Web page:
Having tired of building ship models, I decided to build a Pot Belly Stove, circa 1898. Scale two feet to one inch.
It has a flickering red LED inside, connected via front feet. It looks quite good when connected up..
I have now progressed with the cabin. It has been more tedious than I thought. The logs are dowels and the rough bark is added to each by gluing silver crepe paper round them (silver to the outside). Each log has to be notched at the ends to engage with the lower and upper ones. After it is complete, it will be painted with acrylic Burnt Umber (Dark brown), then wiped slightly so bits of the silver show through. Tests have shown that this makes a very realistic looking rough log. The floor will be planked, and the inside of the cabin fitted with more rough furniture. I have made the tiny oil lamp for a table and it is lit with a small yellow light emitting diode inside it. The back of the cabin is absent. Viewed from the front, there will be a lot of drifted snow. Looking in the back, it should show a cosy interior lit with the yellow oil lamp and flickering pot belly stove. Note the winchester rifle and the axe propped against the door frame. This afternoon, I have completed most of the front and one side. The bare dowels in the photograph have not yet had their "bark" glued on. It has been a welcome change from ships, but has attracted just about the same amount of interest - virtually none! :sad:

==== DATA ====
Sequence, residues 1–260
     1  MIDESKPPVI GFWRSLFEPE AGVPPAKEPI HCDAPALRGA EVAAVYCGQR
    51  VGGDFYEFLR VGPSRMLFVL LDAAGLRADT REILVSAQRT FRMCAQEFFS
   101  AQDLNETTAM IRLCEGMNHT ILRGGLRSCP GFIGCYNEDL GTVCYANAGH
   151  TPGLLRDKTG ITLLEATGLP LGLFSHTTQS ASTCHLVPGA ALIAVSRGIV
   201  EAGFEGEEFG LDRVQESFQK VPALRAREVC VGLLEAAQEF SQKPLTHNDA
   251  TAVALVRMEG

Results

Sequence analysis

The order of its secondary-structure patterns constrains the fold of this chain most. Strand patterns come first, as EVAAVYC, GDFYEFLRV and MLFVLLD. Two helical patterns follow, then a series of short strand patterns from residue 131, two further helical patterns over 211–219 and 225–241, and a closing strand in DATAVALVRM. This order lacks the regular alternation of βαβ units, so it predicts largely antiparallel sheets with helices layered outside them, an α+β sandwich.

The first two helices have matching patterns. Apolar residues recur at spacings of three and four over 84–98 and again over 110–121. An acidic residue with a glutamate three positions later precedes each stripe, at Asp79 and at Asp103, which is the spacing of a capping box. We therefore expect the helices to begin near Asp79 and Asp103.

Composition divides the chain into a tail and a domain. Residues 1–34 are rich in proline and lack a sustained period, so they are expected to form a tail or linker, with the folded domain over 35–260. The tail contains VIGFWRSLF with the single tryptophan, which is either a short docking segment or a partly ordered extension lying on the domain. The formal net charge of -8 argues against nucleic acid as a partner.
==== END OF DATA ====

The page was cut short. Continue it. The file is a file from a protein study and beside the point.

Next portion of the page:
Hi Bob, looks like it will turn out into a great diorama. What scale would it be (1:72 or larger?) Did you make the rifle?
What about the extras that usually hang on the walls of a cabin, moose and bear heads, furs etc. maybe even a model T or A Ford (too modern) outside. Do you intend putting any up? Thinking of the Beverly Hillbillies.
Did you notch the logs by hand or do hem on a (mini) lathe?
I look forward to seeing more photos. :text-lol:
It is all the same as the stove, two feet to one inch. Yes, I made the rifle and the axe. The oil lamp is also complete. There will be a bunk, table, chair, probably a cooking pan, maybe snowshoes, maybe bearskin rug, chopped wood etc etc. I used the lathe for the notches but had to trim some of them with a scalpel to make them a better fit. The window is three mm acryclic, scored and with water paint rubbed in the scores.
Bob, please don't give up. This post has more views than my New Jersey post. This is your hobby it gives you something to do and keeps your mind active, so please do not be discouraged. There may be hardly any comments but there sure are a lot of people looking at your pictures.